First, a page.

At least 500,000 gallons of oil nearly 12,000 barrels spilled into the ocean and tidal wetlands along the Texas and Louisiana coasts after Hurricane Ike ripped up oil platforms, and ruptured tanks and pipelines, according to an Associated Press investigation.
That's about 5% of the oil spilled due to Hurricane Katrina in 2005.
The hurricane's toll highlights the environmental risk in offshore oil.
Hundreds if not thousands of individual spills, from both companies and individuals, resulted from the hurricane, according to the AP. None are classified as "major" but together they add up.
Of about 3,800 oil platforms in the Gulf of Mexico, 52 were destroyed and another 32 "severely damaged," according to the AP.
Both President Bush and Congress have allowed a federal ban on offshore oil drilling to expire, opening new areas along the U.S. coasts to exploration. Sen. John McCain has made increased offshore oil drilling a central part of his energy policy, should he be elected president, while Sen. Barack Obama has said he'd tolerate additional oil drilling only as part of a compromise that led to big investments in renewable and alternative energy technology.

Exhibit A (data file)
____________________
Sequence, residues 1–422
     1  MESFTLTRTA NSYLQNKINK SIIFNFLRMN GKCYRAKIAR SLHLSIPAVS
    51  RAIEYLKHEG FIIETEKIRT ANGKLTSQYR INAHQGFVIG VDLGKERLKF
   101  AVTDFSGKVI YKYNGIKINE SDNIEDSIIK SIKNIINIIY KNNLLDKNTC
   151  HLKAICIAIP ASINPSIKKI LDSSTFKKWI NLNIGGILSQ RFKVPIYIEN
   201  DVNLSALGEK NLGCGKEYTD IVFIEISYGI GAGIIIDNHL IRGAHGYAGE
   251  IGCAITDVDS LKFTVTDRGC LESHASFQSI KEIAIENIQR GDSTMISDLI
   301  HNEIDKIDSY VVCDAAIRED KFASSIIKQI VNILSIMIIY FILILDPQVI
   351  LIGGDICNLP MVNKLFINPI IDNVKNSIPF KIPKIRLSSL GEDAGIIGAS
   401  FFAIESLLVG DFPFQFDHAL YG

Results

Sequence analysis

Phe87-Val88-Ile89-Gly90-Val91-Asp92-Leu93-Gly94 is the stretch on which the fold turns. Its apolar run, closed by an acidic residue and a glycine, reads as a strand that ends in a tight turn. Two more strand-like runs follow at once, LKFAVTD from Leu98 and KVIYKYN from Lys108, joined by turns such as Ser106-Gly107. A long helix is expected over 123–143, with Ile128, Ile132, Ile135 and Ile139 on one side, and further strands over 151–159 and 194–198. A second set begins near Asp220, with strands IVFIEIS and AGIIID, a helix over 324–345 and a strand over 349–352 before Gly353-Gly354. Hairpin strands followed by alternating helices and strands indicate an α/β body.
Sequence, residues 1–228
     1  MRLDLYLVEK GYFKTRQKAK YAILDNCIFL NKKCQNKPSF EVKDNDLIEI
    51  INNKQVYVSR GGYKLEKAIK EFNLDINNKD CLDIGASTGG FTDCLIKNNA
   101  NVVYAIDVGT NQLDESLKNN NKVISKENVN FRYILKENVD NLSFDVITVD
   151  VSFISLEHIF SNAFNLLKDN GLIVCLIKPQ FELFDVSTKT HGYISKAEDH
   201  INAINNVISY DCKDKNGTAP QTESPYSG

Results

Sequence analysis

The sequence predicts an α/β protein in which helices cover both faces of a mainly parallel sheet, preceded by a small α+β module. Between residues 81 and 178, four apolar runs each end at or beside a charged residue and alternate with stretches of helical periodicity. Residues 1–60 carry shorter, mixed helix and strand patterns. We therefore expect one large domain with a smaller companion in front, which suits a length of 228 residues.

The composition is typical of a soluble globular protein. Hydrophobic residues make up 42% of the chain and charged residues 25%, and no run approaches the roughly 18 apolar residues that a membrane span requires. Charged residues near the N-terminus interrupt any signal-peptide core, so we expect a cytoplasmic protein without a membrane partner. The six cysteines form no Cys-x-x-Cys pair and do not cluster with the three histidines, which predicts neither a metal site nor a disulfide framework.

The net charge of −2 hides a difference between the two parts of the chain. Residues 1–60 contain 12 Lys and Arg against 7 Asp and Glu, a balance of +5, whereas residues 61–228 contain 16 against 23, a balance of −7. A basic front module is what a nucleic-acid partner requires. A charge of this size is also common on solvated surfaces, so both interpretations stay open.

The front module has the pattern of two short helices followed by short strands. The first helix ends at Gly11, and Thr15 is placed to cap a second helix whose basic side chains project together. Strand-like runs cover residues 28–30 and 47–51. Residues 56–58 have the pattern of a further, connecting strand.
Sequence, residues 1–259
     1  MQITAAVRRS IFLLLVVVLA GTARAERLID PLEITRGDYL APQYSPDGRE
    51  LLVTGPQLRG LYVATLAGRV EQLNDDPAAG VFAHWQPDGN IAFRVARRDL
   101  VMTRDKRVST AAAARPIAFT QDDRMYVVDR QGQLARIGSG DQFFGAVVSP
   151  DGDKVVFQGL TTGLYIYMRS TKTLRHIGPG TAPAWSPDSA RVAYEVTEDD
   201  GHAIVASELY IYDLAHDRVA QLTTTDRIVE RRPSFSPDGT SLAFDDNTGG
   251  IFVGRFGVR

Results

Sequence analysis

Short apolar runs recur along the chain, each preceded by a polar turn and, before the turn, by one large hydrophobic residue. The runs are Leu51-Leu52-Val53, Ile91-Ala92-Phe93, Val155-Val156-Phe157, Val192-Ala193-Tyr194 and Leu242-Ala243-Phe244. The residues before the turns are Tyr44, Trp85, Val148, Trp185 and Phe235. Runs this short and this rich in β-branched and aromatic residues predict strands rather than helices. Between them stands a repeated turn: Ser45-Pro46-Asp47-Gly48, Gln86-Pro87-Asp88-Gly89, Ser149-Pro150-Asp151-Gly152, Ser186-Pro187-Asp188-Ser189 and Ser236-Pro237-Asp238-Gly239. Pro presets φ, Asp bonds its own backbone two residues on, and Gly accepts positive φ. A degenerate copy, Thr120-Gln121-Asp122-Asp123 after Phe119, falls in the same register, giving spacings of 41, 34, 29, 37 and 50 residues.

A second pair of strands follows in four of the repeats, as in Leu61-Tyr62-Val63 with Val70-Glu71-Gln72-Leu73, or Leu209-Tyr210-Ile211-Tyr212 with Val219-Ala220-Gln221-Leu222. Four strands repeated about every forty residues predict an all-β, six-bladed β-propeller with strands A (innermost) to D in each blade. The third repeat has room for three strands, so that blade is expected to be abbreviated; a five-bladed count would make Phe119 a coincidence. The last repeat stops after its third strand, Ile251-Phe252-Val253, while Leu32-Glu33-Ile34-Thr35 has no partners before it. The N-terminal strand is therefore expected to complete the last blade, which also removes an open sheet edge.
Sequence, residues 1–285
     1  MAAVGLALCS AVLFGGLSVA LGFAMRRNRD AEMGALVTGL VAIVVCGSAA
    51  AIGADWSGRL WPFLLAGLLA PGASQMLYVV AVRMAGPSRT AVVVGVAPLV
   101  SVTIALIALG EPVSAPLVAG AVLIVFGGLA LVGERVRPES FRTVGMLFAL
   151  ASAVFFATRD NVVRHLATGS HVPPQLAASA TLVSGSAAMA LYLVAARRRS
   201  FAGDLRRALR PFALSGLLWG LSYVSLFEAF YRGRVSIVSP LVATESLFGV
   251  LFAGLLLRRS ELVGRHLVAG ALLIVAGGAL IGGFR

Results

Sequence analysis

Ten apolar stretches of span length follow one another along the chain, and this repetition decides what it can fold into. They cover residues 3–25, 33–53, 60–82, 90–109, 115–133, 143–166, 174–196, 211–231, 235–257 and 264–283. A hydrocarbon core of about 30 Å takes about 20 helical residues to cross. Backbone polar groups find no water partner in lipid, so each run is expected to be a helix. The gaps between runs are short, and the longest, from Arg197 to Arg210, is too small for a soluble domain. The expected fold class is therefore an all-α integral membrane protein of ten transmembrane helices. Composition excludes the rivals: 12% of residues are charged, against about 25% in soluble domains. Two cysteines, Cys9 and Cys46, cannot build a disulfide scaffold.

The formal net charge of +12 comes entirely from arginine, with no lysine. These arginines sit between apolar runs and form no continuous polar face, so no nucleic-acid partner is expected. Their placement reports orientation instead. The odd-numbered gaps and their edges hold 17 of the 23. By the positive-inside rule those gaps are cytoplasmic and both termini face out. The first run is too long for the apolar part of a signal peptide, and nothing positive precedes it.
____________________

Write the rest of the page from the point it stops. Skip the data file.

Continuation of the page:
Building additional oil platforms would put more regions at risk of spills during large storms, and though the science is still unsettled on this point, global warming could be spawning more frequent or intense hurricanes compounding the risk.
Enter your city or zip code to get your local temperature and air quality and find local green food and recycling resources near you.